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BayPackets Helps Global Crossing Switch to VoIP

BayPackets said Global Crossing will use its network services platform as the carrier upgrades from circuit switched to Voice over Internet protocol network. Financial terms for the deal announced Monday were not disclosed.

The Fremont, Calif., company's Agility product will enable Global Crossing's enterprise customers to control service access and third-party billing.

"The platform not only runs in IP networks but in legacy networks as well," Amol Joshi, BayPackets' vice president of marketing, told internetnews.com.

Interoperability is key in pitching the product, Joshi said. While new service providers build an IP network from scratch, established players must advance in phases, so support for old and new technologies is a must.

BayPackets, which counts Deutsche Telecom , among others as customers, is seeing increased requests for proposals from carriers that are studying how to move to VoIP. Interest is especially high in Asia-Pacific where the cost-saving service bypasses high local phone rates.

U.S. carriers are also jumping into VoIP. Last week Verizon announced a major investment in the technology and AT&T, Qwest and Time Warner Cable are all pursuing rollouts.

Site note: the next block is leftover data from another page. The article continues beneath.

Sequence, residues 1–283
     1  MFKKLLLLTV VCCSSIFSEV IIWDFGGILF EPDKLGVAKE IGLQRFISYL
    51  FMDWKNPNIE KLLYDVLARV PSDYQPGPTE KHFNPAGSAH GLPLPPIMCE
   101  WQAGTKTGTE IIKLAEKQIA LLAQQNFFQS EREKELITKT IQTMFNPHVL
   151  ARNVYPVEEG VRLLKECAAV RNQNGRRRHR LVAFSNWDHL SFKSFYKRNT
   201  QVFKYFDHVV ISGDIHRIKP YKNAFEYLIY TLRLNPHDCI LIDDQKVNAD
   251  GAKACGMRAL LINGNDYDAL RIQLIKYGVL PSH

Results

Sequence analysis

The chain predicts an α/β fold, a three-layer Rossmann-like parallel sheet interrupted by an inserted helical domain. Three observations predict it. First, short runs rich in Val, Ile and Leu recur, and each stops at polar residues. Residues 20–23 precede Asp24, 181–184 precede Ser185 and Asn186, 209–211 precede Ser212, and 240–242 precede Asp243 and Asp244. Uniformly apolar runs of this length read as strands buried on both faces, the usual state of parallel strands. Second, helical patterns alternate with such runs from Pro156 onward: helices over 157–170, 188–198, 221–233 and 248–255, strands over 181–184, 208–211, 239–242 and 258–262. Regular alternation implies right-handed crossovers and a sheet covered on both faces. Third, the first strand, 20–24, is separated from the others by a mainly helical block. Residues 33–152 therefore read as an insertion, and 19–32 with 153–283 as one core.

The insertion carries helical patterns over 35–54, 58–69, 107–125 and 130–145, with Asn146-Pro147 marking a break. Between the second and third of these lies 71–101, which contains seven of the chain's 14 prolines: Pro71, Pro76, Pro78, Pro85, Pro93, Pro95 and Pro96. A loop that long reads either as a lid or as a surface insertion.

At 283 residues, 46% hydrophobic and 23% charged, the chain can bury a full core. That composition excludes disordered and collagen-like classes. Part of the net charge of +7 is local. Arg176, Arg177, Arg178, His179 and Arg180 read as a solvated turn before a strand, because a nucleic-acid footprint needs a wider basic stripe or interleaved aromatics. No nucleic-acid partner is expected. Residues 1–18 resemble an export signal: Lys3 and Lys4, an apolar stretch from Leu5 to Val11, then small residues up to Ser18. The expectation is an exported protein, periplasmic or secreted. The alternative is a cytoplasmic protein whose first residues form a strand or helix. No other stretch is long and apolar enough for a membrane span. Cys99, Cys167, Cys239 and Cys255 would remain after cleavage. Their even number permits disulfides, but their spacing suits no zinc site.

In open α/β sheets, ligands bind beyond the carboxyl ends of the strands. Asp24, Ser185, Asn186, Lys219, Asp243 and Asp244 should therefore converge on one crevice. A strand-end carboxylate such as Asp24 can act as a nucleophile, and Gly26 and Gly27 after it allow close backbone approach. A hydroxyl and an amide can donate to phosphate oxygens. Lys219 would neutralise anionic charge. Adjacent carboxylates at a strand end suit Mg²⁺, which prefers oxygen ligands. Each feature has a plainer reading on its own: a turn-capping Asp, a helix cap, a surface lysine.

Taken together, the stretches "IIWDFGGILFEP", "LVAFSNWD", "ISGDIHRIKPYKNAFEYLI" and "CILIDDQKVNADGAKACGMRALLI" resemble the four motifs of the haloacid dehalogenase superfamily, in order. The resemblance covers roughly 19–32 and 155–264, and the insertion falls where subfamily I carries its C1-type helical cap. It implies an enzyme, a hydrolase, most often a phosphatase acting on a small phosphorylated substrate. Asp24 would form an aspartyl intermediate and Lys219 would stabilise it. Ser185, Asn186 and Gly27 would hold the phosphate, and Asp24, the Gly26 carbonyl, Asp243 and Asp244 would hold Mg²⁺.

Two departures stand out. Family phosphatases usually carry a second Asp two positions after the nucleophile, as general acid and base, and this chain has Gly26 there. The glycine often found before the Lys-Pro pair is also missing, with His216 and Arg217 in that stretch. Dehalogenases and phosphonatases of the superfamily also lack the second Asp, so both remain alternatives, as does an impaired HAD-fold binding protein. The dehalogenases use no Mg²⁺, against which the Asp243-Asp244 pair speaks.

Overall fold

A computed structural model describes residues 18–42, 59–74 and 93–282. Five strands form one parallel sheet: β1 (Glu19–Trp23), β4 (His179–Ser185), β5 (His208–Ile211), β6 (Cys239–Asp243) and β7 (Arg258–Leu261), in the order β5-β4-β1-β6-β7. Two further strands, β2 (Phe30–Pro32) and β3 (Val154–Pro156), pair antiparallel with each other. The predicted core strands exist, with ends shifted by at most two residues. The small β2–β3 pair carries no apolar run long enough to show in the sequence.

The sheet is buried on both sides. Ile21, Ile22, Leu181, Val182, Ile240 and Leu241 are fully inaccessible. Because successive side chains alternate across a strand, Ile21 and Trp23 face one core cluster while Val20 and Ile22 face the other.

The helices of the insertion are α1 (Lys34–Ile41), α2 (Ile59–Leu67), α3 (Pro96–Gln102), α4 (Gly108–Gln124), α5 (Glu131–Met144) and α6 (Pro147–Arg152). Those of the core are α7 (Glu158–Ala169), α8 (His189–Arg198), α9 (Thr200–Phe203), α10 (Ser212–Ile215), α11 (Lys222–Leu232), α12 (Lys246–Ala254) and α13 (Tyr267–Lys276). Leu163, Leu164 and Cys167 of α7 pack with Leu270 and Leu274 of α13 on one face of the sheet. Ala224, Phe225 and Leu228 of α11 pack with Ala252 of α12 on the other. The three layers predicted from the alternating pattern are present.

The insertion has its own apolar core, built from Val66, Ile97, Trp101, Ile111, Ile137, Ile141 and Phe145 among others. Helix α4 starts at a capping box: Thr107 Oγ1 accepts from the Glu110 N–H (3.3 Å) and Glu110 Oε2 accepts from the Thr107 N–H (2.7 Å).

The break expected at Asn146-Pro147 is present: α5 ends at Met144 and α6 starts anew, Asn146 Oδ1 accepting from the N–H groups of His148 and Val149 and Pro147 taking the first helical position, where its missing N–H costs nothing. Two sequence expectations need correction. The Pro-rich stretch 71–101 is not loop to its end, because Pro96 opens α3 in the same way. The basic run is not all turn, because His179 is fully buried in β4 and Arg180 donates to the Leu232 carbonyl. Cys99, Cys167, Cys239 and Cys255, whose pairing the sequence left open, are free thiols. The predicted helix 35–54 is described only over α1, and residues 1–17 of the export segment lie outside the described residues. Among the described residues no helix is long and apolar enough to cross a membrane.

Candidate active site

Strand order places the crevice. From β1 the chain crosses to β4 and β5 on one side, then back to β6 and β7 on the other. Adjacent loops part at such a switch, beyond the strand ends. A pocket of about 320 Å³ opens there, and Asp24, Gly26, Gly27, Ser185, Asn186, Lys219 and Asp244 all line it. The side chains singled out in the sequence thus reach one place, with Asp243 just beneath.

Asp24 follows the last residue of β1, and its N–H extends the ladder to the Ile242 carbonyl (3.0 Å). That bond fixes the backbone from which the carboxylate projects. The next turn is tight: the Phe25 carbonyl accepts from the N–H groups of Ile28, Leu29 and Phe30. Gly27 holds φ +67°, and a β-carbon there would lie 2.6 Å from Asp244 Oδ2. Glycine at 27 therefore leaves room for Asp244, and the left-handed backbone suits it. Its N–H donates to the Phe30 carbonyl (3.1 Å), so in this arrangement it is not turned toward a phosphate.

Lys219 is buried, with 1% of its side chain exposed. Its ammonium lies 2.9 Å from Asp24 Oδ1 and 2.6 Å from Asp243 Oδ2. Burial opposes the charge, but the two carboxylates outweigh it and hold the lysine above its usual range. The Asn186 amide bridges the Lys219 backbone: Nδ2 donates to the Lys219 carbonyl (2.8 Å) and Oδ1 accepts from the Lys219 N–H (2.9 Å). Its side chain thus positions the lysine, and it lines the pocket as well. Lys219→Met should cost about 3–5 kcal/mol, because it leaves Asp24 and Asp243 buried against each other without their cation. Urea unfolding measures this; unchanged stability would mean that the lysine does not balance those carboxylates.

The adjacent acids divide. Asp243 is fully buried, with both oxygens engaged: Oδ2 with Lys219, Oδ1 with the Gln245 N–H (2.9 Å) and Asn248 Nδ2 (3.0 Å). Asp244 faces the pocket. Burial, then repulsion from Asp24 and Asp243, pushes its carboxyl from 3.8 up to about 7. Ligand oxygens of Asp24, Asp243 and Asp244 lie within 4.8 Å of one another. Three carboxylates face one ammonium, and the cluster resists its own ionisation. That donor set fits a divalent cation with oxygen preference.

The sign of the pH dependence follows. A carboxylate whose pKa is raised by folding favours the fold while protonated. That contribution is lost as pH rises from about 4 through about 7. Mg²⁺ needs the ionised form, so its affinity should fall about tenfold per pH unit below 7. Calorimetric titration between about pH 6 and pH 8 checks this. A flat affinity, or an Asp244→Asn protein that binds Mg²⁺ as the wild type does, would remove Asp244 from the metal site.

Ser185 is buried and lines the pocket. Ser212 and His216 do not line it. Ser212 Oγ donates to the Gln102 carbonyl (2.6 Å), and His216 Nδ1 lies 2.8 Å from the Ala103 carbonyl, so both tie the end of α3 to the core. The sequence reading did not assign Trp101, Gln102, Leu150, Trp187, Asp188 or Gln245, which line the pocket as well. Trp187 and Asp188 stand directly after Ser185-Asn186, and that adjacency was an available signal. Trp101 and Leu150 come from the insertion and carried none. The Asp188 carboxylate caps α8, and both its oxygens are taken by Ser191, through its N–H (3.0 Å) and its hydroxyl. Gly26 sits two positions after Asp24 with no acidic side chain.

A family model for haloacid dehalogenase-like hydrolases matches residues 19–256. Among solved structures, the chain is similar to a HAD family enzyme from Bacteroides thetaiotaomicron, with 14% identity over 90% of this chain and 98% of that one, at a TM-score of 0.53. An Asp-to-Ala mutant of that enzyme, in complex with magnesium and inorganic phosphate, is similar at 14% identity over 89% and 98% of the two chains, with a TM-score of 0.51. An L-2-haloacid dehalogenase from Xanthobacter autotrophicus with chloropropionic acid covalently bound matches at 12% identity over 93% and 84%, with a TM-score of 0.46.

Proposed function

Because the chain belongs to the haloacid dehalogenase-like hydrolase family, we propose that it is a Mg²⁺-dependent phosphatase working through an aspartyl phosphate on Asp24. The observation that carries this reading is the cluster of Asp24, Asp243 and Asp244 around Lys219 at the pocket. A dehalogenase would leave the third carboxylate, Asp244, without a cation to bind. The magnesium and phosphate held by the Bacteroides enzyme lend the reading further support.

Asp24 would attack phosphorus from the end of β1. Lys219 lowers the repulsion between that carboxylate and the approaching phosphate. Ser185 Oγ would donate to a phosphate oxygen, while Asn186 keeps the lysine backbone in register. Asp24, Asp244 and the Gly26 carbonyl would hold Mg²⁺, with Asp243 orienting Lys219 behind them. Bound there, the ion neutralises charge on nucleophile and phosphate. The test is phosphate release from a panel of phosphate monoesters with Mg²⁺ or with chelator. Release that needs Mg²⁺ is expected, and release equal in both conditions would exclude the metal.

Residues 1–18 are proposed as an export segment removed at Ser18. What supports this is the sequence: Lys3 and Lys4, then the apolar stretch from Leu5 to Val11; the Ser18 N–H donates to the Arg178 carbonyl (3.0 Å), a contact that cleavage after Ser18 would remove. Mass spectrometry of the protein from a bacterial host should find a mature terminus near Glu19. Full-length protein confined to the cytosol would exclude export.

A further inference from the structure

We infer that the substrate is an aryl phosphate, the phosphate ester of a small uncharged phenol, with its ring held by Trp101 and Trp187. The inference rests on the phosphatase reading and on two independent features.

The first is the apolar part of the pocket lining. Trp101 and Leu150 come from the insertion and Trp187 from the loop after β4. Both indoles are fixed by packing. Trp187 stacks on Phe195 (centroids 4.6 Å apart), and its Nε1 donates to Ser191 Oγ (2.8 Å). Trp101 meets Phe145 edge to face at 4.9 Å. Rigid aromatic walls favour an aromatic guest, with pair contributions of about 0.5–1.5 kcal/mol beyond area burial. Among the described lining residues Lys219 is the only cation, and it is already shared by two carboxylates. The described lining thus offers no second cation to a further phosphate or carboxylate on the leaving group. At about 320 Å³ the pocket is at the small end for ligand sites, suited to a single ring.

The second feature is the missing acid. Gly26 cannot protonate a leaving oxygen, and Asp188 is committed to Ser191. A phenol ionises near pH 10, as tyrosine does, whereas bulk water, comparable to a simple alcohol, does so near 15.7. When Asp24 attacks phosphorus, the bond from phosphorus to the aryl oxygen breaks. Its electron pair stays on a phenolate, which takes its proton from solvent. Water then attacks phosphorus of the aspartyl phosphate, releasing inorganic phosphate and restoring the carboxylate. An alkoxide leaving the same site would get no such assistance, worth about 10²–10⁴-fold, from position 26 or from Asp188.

Bryan Michael, a BayPackets' spokesman, said the company has two sets of competitors.

The first is equipment makers such as Nortel and Alcatel . BayPackets argues that its open standards software is more attractive than its rival's proprietary offerings.

The privately held firm, which has received investments from telecom equipment giant Lucent and chipmaking leader Intel , also competes with startups including Broadsoft and Ubiquity, which aim their software at new IP networks.

Global Crossing has been testing BayPackets platform for months and has been pleased with the result. The Florham Park, N.J.-based international carrier has been rebuilding its business after weathering a storm of public and legal scrutiny that led to its near collapse, bankruptcy, and eventual court-ordered restructuring. Now, the company's core network connects more than 200 cities and 27 countries, and delivers services to more than 500 major cities, 50 countries and 5 continents.



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